The Herman Trend Alert|
December 14, 2005
Private Clubs: A Changing Environment
Private clubs have long been an environment for corporate leaders to build relationships that generate greater business. Two types of clubs dominate the landscape. They are distinct in their attributes, yet often serve similar clientele and are frequently owned by the same companies. They are known as "city clubs" and "country clubs."
City clubs feature dining rooms, meeting rooms, and quiet places for conversations. These facilities are located in prestigious locations in central business districts of cities that serve as regional commerce centers. They are frequented by business owners and senior executives. Family members are rarely seen in these environments.
Country clubs are more socially-oriented. They feature golf courses, tennis courts, swimming pools, and similar amenities for members and their families. These clubs are typically located away from the central city, in the suburban areas where current and prospective members live. Members often fit a similar profile found at the city clubs, but the environment is much more informal.
Country clubs are undergoing a transformation that is driven by the convergence of several trends. A number of these clubs have closed and survivors are changing the way they operate.
Economics and sociological movement out of central cities have had a damaging effect on city clubs. When corporate offices move out of the downtown area, seeking lower real estate and operating costs in suburban or exurban locations, the dispersion of members makes club-use inconvenient. It is difficult to maintain members and attract new members when the people they want to meet are no longer there.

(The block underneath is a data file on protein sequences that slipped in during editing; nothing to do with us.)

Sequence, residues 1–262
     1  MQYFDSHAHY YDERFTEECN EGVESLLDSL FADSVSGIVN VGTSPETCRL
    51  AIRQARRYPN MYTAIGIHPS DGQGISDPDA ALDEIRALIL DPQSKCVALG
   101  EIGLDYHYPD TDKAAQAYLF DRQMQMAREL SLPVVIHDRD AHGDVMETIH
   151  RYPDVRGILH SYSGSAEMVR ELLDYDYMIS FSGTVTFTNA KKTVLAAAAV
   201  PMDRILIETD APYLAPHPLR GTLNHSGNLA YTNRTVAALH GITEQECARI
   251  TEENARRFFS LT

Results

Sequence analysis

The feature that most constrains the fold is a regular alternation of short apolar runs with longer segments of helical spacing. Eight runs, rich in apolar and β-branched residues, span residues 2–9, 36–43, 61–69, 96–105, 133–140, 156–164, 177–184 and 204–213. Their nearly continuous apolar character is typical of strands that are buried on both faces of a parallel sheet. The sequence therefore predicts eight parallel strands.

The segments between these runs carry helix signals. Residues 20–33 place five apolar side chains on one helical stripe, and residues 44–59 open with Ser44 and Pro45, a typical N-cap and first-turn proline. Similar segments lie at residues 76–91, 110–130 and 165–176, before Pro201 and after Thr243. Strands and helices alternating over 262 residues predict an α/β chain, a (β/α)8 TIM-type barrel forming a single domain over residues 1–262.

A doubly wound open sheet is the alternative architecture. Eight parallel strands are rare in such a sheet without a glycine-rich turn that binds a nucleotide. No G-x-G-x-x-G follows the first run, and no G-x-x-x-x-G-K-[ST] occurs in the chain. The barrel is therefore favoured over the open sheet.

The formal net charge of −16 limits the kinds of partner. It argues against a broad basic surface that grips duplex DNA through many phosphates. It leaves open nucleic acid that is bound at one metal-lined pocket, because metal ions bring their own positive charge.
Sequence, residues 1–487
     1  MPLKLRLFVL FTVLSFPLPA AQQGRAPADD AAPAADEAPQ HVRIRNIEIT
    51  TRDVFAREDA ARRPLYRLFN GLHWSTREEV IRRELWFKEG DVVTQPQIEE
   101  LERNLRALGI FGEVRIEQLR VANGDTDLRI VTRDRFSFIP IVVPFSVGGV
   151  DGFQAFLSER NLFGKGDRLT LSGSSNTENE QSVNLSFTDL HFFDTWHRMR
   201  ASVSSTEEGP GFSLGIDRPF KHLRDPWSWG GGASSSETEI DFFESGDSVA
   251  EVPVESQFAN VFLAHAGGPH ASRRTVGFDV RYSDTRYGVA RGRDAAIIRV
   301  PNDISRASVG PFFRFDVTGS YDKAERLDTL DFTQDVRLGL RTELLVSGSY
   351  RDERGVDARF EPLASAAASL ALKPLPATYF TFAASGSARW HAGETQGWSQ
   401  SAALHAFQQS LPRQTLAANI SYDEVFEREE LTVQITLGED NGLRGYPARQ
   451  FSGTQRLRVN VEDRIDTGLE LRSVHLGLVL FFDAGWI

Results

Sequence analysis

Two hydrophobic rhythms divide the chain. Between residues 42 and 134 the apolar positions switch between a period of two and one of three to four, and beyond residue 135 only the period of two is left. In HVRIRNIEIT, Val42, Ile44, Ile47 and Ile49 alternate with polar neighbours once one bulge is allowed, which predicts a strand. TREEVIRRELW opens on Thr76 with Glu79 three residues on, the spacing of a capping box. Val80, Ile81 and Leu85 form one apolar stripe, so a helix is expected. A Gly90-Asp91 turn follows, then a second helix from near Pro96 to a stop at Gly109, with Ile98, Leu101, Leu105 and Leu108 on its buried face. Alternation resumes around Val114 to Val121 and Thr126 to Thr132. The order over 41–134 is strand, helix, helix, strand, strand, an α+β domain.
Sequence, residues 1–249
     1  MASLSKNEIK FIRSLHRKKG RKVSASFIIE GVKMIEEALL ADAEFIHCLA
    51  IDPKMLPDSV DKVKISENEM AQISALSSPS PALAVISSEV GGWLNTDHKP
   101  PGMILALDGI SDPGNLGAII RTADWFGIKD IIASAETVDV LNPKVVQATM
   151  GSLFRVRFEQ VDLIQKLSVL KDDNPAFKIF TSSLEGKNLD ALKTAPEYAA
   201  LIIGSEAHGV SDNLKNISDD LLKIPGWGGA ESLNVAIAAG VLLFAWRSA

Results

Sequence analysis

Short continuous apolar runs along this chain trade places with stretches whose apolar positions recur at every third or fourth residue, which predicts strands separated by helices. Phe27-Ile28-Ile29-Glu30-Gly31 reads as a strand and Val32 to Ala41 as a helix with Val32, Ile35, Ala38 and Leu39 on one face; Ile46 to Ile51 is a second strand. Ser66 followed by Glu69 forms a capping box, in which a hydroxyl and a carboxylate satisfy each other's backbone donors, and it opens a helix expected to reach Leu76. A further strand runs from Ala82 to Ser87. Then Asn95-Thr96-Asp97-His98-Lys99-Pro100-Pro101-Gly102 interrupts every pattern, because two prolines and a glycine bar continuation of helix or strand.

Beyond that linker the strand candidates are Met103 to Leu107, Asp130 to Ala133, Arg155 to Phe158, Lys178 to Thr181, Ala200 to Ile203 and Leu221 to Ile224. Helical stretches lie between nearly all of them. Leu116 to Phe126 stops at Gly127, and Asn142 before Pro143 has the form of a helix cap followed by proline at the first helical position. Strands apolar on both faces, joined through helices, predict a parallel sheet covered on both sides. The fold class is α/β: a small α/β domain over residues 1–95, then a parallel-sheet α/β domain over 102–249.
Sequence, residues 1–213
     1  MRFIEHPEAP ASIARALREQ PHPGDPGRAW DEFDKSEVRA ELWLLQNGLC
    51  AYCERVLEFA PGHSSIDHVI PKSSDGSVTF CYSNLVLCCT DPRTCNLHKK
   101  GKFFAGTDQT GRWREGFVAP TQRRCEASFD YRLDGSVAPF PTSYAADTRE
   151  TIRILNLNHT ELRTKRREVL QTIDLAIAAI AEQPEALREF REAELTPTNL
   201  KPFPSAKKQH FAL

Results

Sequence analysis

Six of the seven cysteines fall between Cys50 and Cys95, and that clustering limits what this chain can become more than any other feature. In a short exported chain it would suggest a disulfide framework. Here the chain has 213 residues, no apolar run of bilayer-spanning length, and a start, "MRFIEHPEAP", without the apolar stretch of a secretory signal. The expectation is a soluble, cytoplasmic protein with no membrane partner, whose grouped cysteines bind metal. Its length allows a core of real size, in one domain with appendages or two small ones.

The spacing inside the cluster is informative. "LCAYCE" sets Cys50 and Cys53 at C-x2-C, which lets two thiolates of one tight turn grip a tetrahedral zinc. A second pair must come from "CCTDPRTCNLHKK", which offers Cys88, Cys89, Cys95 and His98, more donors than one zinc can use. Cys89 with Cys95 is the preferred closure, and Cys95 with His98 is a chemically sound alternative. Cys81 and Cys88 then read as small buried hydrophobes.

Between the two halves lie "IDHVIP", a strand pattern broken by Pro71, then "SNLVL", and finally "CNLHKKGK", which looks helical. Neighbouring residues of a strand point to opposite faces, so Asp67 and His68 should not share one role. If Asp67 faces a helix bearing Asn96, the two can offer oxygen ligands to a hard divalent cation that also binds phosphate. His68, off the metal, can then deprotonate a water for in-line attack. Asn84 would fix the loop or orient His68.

When the best way to communicate with someone was face-to-face, perhaps over a meal or hors d'oeuvres, the downtown clubs served a very important purpose. E-mail is now so easily accepted that the personal contact is not as important. Younger generations of executives have not been socialized the same way. They are more informal, preferring country clubs to city clubs. Still, the country clubs are expensive and suburbanites have many alternatives to meet others. Recruiting new members is becoming more difficult, suggesting that the club management profession will face some interesting challenges in the years ahead.
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